Zeta Specialist Lighting’s innovative Bespoke Solar Signage Kit enabled Digital Imaging Services to cost- and eco-efficiently illuminate a customised wayfinding solution across the University of Wolverhampton’s main campus.
Midlands-based Digital Imaging Services (DIS), a leading provider of multi-channel bespoke branding solutions was commissioned by the University to design and deliver customised wayfinding signage across its main campus in Wolverhampton. DIS conducted a full site survey in order to map out where the totems should be sited and what information needed to be included for maximum impact. The company also created a 3D plan of the design which included seven freestanding totems, ranging from 2 metres to 3.5 metres high, strategically placed around the campus.
The key challenge was how to illuminate the totems in order to enable visitors to see the campus maps and other important information during the hours of darkness. There was no easy to access mains-fed power supply and the cost of laying the infrastructure for an on-grid power supply was substantial.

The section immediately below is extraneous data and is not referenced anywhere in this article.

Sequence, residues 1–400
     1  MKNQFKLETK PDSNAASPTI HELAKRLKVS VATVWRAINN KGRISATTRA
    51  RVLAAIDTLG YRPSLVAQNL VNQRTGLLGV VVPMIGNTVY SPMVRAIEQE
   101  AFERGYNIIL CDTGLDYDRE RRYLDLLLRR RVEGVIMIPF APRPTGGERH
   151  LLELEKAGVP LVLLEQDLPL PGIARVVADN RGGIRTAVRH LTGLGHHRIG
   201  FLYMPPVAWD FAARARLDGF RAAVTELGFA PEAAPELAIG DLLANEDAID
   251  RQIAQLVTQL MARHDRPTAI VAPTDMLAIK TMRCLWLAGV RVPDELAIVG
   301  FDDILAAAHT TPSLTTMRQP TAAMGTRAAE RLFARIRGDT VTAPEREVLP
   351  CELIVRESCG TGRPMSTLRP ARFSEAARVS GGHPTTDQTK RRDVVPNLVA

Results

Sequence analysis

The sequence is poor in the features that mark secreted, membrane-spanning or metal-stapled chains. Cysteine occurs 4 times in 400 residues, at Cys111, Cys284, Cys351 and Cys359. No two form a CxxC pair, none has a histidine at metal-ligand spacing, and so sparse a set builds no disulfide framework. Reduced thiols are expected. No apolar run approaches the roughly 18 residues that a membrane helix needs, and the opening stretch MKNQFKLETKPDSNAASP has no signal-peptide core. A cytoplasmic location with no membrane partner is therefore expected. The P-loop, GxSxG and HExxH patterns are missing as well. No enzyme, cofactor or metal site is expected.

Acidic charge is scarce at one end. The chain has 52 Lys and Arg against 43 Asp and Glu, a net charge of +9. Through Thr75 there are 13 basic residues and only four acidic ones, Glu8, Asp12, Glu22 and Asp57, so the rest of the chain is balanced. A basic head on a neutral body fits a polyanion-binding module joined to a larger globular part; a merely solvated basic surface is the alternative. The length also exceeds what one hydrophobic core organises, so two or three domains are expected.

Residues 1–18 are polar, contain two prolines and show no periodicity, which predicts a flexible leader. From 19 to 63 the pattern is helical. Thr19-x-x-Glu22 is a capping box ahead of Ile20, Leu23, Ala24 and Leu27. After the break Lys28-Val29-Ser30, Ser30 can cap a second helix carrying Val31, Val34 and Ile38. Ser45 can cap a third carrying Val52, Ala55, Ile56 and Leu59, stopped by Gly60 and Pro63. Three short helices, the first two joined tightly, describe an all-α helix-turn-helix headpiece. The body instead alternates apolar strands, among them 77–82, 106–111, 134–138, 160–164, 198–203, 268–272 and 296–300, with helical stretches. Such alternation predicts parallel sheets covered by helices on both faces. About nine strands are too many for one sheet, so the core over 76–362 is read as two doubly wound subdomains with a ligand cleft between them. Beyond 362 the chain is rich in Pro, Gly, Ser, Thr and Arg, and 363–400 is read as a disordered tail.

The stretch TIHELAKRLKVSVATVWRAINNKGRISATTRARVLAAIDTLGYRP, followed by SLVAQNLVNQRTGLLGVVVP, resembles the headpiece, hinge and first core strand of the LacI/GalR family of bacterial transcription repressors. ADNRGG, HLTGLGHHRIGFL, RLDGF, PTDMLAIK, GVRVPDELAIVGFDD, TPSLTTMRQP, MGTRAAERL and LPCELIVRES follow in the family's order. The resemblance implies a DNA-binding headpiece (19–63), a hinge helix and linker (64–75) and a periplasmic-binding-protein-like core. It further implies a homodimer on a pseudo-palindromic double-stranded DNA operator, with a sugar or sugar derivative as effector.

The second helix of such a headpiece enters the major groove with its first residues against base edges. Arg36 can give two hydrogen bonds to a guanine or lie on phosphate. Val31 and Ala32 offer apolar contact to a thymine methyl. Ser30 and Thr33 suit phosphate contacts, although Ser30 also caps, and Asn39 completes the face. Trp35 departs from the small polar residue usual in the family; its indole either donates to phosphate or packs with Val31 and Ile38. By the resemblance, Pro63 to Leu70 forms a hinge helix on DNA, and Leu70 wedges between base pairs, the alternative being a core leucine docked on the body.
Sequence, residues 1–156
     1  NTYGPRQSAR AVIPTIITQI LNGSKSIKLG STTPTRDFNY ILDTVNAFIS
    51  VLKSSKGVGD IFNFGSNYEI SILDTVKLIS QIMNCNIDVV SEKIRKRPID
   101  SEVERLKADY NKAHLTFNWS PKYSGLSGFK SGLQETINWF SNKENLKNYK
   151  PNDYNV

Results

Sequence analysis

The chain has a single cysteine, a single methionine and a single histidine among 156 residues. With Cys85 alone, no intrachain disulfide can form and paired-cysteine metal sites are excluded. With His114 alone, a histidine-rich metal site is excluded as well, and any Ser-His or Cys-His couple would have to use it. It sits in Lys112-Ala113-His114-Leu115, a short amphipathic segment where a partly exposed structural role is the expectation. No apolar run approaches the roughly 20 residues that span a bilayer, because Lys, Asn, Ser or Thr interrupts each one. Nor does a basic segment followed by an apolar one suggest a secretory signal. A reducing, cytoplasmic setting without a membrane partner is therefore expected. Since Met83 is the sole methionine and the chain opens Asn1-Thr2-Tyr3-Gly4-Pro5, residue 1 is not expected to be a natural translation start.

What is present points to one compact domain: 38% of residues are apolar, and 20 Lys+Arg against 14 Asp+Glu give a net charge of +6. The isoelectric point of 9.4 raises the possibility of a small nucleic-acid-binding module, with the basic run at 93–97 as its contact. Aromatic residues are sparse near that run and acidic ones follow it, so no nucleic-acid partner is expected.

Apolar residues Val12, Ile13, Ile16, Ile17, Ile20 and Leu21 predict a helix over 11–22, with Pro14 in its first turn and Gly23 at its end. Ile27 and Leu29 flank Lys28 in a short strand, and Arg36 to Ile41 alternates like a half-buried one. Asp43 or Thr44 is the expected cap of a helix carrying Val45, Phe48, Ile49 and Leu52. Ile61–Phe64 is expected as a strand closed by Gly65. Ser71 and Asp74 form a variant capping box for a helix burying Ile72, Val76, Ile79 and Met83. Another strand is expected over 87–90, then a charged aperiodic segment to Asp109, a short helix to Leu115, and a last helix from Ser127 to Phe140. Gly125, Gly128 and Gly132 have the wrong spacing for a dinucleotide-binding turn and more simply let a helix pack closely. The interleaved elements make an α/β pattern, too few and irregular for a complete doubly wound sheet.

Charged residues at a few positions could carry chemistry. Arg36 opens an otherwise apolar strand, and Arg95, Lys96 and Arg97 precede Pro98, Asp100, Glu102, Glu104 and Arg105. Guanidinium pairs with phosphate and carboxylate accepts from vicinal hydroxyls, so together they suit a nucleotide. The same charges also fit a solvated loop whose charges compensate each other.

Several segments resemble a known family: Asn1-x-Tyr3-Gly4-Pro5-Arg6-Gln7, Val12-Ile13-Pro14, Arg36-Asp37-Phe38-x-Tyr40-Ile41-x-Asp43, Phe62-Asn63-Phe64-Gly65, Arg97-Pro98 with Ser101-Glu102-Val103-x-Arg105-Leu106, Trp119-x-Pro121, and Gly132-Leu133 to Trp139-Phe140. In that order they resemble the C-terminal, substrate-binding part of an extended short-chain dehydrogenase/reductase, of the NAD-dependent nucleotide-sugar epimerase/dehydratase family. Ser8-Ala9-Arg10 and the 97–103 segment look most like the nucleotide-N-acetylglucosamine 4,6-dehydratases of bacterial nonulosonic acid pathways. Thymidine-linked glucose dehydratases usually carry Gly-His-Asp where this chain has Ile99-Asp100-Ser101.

Having completed other projects in partnership with Zeta, utilising its innovative LED solar powered systems, Digital Imaging Services worked with the lighting specialist, refining the totem’s design to incorporate discreet and flexible PV Solar panels.
Zeta’s Solar Signage Kit is a bespoke solution for lighting outdoor monoliths and totems. Solar panels harness the sun’s energy during the day which is stored by the long life batteries, Zeta’s patented Energy Management System intelligently releases the stored energy, regulates the amount of power consumed by LEDs at night and maximises the power going to the batteries during the day.
Mark Bradley, Director DIS said: “Zeta’s ability to provide a solar powered solution was integral to the success of this project. Illumination was critical, without light, the wayfinding system wouldn’t have been fit for purpose. The Solar Signage Kit seamlessly powers the totems from dawn till dusk, all year round.”
The University is now exploring installing similar solar powered wayfinding across its other sites.